The reason for the invasion was the murder by unknown persons in Vladivostok on the night of April 5, 1918, of two employees of the Japanese trade office “Ishido”. It was like a planned provocation – a signal to start an operation. Without waiting for clarification of the circumstances, on the same day, under the cover of artillery of warships entering the inner harbor of the port, two companies of Japanese infantry and a unit of British marines landed in Vladivostok. Having quickly occupied the city center, the Japanese command tried to present their actions as a police action in order to maintain public order. However, the next day, the scale of the operation expanded – the forces of a landing squad of 250 people captured the well-fortified Russky Island, which covered Vladivostok from the sea.
These actions marked the beginning of an armed intervention. On the day of the landing of the Japanese troops, the Soviet government issued a message: “The imperialist strike from the East, which had been preparing for a long time, broke out. The imperialists of Japan want to strangle the Soviet revolution, cut off Russia from the Pacific Ocean, seize the rich expanses of Siberia, enslave the Siberian workers and peasants. “… A government directive to the Vladivostok Council warned: “Do not make yourself illusions: the Japanese will probably attack. It’s unavoidable. They will probably be helped by all allies without exception. Therefore, we must start preparing without the slightest delay and prepare seriously, prepare with all our might. “…
To move deeper into Siberia, the Japanese and Americans provoked a revolt of the Czechoslovakians. The Czechs and Slovaks, who were previously part of the Austro-Hungarian army, were sent home through Vladivostok by the decision of the Soviet government. By the end of May, 63 echelons with 40 thousand repatriates united in the Czechoslovak Corps stretched across Siberia from Penza to Primorye. The Soviet authorities were worried that the corps followed through unprotected Russian territory with weapons. To exclude any incidents along the way, an order was given to surrender the weapons. Resisting this, the corps command called on the soldiers and officers to disobey, which resulted in an open mutiny.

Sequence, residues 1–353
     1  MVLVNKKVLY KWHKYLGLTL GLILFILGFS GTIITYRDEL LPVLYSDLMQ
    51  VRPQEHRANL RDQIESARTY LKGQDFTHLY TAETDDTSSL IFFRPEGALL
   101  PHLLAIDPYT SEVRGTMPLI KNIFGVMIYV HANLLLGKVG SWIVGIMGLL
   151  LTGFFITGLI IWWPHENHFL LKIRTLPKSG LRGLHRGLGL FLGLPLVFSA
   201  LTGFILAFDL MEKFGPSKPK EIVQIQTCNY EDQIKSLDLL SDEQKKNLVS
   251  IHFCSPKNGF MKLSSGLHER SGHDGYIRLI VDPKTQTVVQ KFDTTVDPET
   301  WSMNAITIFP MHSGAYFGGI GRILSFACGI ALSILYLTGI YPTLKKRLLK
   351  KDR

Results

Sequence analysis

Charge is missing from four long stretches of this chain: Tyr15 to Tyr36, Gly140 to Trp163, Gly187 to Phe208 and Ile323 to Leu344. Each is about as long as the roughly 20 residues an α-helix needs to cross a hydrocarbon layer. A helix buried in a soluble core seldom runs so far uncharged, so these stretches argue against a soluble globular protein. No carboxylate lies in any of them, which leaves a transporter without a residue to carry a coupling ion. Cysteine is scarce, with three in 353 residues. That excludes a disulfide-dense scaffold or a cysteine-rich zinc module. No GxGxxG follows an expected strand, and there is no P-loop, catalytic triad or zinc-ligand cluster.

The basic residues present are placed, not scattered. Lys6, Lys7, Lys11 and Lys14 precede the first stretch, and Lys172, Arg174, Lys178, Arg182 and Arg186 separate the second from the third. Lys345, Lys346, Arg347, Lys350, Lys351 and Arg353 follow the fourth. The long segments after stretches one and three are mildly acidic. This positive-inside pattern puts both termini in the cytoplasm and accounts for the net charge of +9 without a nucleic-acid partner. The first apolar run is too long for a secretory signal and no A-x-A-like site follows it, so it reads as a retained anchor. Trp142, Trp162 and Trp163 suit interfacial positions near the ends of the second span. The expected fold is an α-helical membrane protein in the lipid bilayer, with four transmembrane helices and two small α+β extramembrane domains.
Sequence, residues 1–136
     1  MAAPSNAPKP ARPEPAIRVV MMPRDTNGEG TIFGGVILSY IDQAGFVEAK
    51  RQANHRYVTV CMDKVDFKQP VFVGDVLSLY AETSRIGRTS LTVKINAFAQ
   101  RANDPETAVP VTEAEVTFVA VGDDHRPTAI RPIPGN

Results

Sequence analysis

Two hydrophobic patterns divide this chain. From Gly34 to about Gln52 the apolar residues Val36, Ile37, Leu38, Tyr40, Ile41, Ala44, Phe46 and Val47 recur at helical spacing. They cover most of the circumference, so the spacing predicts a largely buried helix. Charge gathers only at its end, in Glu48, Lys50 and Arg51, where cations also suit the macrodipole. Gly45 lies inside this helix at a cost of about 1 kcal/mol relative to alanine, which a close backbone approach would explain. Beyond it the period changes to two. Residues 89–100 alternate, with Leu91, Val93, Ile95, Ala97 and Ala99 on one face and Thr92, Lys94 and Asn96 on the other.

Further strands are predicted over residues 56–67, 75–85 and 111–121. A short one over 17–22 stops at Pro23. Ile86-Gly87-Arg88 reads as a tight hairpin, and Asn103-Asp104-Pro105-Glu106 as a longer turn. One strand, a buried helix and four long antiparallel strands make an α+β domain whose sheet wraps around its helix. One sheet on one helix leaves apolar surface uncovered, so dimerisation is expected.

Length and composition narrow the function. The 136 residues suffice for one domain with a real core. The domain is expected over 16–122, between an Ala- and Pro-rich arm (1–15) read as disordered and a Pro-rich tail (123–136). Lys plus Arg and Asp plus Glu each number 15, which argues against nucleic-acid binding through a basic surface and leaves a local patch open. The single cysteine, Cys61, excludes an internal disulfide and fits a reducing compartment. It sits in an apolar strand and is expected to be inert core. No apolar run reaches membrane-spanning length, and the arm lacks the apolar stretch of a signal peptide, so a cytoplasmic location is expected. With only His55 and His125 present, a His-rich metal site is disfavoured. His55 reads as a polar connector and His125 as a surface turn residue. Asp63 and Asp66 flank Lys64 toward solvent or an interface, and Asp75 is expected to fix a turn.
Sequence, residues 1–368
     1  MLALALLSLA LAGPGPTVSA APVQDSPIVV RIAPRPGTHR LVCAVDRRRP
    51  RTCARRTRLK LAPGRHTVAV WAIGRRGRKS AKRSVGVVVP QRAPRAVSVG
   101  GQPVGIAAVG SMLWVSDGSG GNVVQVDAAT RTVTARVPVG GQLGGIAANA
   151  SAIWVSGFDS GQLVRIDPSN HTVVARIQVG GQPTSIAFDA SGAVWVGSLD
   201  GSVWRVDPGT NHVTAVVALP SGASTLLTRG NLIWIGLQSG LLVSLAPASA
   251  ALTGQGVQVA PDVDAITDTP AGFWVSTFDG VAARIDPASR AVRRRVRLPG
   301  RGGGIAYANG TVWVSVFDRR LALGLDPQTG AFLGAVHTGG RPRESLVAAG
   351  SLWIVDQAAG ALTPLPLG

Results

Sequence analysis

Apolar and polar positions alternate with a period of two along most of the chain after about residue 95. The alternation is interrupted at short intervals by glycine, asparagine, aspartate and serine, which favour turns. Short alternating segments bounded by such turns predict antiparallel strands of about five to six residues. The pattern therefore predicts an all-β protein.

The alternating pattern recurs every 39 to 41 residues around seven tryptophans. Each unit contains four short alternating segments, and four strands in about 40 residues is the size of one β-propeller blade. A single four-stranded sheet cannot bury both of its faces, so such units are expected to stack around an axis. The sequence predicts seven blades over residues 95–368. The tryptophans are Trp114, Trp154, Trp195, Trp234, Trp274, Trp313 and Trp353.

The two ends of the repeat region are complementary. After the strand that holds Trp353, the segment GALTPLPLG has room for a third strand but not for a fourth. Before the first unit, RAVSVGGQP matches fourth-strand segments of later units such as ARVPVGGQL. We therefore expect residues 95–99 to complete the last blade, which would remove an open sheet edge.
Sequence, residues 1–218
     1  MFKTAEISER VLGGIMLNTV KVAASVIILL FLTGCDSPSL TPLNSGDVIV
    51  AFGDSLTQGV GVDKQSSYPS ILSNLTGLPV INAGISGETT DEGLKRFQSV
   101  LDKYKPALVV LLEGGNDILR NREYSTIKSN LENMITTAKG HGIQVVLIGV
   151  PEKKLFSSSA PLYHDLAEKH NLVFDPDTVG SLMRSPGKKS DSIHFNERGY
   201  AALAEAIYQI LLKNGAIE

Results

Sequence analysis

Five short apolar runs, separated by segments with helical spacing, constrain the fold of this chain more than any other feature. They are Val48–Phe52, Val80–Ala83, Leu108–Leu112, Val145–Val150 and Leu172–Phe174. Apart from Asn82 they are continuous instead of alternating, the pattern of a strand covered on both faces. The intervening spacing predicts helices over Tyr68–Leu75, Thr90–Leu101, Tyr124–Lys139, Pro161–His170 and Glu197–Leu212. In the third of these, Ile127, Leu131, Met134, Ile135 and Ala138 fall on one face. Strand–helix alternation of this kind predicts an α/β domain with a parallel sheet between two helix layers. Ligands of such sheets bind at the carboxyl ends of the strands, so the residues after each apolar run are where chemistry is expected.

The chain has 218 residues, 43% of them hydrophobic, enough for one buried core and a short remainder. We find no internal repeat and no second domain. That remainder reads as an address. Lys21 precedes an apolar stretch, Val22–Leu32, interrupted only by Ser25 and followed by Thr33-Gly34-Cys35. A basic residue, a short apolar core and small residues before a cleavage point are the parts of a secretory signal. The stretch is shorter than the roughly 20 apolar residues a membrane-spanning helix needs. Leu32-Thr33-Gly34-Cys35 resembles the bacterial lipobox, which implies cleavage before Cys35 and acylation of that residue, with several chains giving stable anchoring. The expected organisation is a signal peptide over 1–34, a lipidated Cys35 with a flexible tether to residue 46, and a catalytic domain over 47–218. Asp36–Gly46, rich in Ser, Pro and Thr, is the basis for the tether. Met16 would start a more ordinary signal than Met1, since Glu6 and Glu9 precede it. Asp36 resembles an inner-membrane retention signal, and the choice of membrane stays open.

Tokyo and Washington decided to take advantage of the situation. On July 6, 1918, the White House authorized the dispatch of troops to Siberia “to provide assistance to the Czechoslovakians.” To begin with, it was decided to send Japanese and American troops numbering 7,000 bayonets. However, the Japanese, for whom the main thing was to quickly occupy as many strategically important regions of the Far East and Siberia as possible, were not going to impose restrictions on the number of their interventionist troops. On August 2, under the cover of destroyers, having landed a landing at the mouth of the Amur, they captured the city of Nikolaevsk-on-Amur, and on August 12 they transferred an infantry division of 16 thousand people to Vladivostok. Together with the Japanese, the city was occupied by contingents of British, French and American troops.
Japanese General Otani was appointed commander of the occupation forces in Russia. According to official American data, 72,000 Japanese and over 9,000 American soldiers were sent to the Russian Far East. In the literature, there are indications that up to 100 thousand Japanese soldiers and officers operated in the Far East and Siberia during different periods of the occupation.